Re­gional News Lula turns him­self in to Brazil po­lice, end­ing stand­off

Stabroek News Sunday - - REGIONAL NEWS -

SAO BERNARDO DO CAMPO, Brazil (Reuters) - For­mer Brazil­ian President Luiz Ina­cio Lula da Silva turned him­self in to po­lice on Satur­day, end­ing a day-long stand­off to be­gin serv­ing a 12-year prison sen­tence for cor­rup­tion that de­rails his bid to re­turn to power.

Lula moved out in a con­voy of black po­lice SUVs af­ter push­ing his way out of the steel work­ers union head­quar­ters where he had taken refuge, as mil­i­tant sup­port­ers sought to stop him from sur­ren­der­ing to po­lice. He en­tered po­lice cus­tody more than 24 hours af­ter a court dead­line on Fri­day af­ter­noon.

In a fiery speech hours ear­lier to a crowd of red-shirted sup­port­ers of his Work­ers Party out­side the union build­ing, Brazil’s first work­ing class president in­sisted on his in­no­cence and called his bribery con­vic­tion a po­lit­i­cal crime, but said he would turn him­self in.

“I will com­ply with the or­der,” he told the cheer­ing crowd. “I’m not above the law. If I didn’t be­lieve in the law, I wouldn’t have started a po­lit­i­cal party. I would have started a revo­lu­tion.”

Lula’s im­pris­on­ment re­moves Brazil’s most in­flu­en­tial po­lit­i­cal fig­ure and front-run­ner from this year’s pres­i­den­tial cam­paign, throw­ing the race wide open and strength­en­ing the odds of a more cen­trist can­di­date pre­vail­ing, ac­cord­ing to an­a­lysts and po­lit­i­cal foes.

It also marks the end of an era for Brazil’s left, which was out in force in the streets out­side of the union head­quar­ters in the in­dus­trial sub­urb of Sao Paulo where Lula’s po­lit­i­cal ca­reer be­gan four decades ago as a union or­ga­nizer.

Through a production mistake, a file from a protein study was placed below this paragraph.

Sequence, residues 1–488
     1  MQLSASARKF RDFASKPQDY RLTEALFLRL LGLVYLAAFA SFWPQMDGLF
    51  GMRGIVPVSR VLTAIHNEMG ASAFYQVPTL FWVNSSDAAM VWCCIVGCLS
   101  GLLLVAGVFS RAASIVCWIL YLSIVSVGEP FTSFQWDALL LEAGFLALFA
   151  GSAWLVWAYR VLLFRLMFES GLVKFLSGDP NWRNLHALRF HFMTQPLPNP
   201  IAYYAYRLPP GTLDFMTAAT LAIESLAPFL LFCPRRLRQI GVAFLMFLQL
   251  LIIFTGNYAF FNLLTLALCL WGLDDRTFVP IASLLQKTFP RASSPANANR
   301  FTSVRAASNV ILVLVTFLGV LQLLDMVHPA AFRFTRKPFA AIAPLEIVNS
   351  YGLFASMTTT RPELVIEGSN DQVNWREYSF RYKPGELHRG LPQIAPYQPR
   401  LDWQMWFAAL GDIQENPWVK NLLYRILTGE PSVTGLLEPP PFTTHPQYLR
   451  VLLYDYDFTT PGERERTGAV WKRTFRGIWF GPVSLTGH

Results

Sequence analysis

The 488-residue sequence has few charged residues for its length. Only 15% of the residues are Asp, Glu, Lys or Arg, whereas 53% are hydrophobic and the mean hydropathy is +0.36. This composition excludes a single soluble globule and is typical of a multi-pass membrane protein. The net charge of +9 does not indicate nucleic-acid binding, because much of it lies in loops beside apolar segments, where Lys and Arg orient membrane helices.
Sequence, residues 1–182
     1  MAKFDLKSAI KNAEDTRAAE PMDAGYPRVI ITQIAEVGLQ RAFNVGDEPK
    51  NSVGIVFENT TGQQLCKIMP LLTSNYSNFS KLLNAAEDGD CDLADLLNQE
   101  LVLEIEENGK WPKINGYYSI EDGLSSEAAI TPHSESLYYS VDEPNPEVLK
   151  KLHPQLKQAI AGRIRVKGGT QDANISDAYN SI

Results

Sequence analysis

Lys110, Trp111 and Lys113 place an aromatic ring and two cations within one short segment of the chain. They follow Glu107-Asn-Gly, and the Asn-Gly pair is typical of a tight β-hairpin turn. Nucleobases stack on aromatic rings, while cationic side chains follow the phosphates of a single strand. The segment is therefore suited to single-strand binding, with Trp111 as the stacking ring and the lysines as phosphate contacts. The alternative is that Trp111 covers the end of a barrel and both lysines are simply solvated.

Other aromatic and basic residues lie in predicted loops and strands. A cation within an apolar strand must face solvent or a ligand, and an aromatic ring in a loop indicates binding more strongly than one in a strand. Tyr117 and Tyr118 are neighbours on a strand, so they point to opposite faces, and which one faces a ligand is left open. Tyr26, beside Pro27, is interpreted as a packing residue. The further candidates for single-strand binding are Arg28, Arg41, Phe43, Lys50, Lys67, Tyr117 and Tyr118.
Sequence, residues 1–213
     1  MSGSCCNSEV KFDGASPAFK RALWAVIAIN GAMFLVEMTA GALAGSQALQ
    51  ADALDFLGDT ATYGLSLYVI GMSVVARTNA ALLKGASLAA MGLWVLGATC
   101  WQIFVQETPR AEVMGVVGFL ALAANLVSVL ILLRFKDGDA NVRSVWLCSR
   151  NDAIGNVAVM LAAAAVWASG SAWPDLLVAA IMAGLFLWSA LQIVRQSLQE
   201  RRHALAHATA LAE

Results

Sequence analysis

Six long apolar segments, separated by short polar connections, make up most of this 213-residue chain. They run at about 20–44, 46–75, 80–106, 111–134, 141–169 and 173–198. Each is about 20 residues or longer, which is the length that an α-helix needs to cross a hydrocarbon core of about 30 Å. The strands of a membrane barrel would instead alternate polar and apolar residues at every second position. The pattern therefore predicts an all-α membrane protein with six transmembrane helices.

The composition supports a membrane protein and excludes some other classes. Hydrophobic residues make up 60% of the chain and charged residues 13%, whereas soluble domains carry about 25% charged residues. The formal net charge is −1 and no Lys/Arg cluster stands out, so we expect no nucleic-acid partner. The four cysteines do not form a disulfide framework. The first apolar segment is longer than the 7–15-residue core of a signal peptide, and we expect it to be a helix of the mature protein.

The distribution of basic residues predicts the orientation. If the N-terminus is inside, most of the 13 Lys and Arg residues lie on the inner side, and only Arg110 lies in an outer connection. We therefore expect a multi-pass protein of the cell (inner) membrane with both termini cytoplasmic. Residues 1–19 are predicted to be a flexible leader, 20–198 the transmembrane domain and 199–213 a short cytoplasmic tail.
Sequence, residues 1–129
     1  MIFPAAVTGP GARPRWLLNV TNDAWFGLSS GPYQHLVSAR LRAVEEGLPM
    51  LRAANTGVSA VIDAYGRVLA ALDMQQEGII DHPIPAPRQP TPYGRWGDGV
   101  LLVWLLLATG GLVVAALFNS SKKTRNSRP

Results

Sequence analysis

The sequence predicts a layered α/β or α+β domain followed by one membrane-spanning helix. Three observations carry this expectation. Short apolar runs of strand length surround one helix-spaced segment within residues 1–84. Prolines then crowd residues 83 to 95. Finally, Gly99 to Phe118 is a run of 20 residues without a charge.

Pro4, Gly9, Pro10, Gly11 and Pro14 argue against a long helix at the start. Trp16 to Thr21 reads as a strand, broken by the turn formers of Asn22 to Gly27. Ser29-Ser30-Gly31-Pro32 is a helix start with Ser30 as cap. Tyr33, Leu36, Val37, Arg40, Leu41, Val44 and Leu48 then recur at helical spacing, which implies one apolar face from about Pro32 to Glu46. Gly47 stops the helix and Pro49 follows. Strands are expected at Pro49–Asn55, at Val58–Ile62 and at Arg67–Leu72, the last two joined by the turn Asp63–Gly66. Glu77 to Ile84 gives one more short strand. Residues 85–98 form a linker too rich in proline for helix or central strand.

The throngs of sup­port­ers, which be­gan gath­er­ing when he ar­rived late on Thurs­day night, (Miguel Sch­in­car­iol/AFP)

dis­suaded po­lice from try­ing to take him into cus­tody and height­ened con­cerns about a vi­o­lent show­down.

Sup­port­ers blocked Lula’s

first at­tempt to leave the union build­ing on Satur­day af­ter­noon, push­ing back against fel­low party mem­bers try­ing to open the gate for his car to leave. Work­ers Party chief Gleisi Hoff­mann pleaded with sup­port­ers to let him exit. He will be flown by po­lice to the southern city of Cu­ritiba and held in a spe­cial jail cell where he will be­gin serv­ing his 12-year sen­tence.

Lula was con­victed of tak­ing bribes, in­clud­ing ren­o­va­tion of a three-storey sea­side apart­ment that he de­nies ever own­ing, from an engi­neer­ing firm in re­turn for help land­ing public con­tracts.

“I’m the only per­son be­ing pros­e­cuted over an apart­ment that isn’t mine,” in­sisted Lula, stand­ing on a sound truck along­side his im­peached hand­picked suc­ces­sor Dilma Rouss­eff and lead­ers of other left-wing par­ties.

A Brazil­ian Supreme Court jus­tice on Satur­day re­jected the lat­est plea by Lula’s le­gal team, which ar­gued they had not ex­hausted pro­ce­dural ap­peals when a judge is­sued the or­der to turn him­self in.

Lula tells thou­sands of his sup­port­ers he is ready to sur­ren­der to the po­lice

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